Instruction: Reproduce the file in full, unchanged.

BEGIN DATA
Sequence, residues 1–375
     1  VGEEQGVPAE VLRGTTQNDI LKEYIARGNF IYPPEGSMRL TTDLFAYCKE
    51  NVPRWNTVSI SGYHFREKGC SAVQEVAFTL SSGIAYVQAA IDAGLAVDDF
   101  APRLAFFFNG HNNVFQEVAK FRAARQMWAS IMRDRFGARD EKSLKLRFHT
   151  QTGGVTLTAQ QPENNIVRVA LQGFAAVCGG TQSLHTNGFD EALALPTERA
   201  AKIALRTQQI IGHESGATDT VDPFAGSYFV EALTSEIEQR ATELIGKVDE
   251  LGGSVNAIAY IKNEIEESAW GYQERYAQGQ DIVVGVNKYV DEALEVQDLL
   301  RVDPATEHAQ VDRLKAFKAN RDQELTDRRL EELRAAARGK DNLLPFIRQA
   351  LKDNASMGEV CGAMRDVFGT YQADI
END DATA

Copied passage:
Sequence, residues 1–375
     1  VGEEQGVPAE VLRGTTQNDI LKEYIARGNF IYPPEGSMRL TTDLFAYCKE
    51  NVPRWNTVSI SGYHFREKGC SAVQEVAFTL SSGIAYVQAA IDAGLAVDDF
   101  APRLAFFFNG HNNVFQEVAK FRAARQMWAS IMRDRFGARD EKSLKLRFHT
   151  QTGGVTLTAQ QPENNIVRVA LQGFAAVCGG TQSLHTNGFD EALALPTERA
   201  AKIALRTQQI IGHESGATDT VDPFAGSYFV EALTSEIEQR ATELIGKVDE
   251  LGGSVNAIAY IKNEIEESAW GYQERYAQGQ DIVVGVNKYV DEALEVQDLL
   301  RVDPATEHAQ VDRLKAFKAN RDQELTDRRL EELRAAARGK DNLLPFIRQA
   351  LKDNASMGEV CGAMRDVFGT YQADI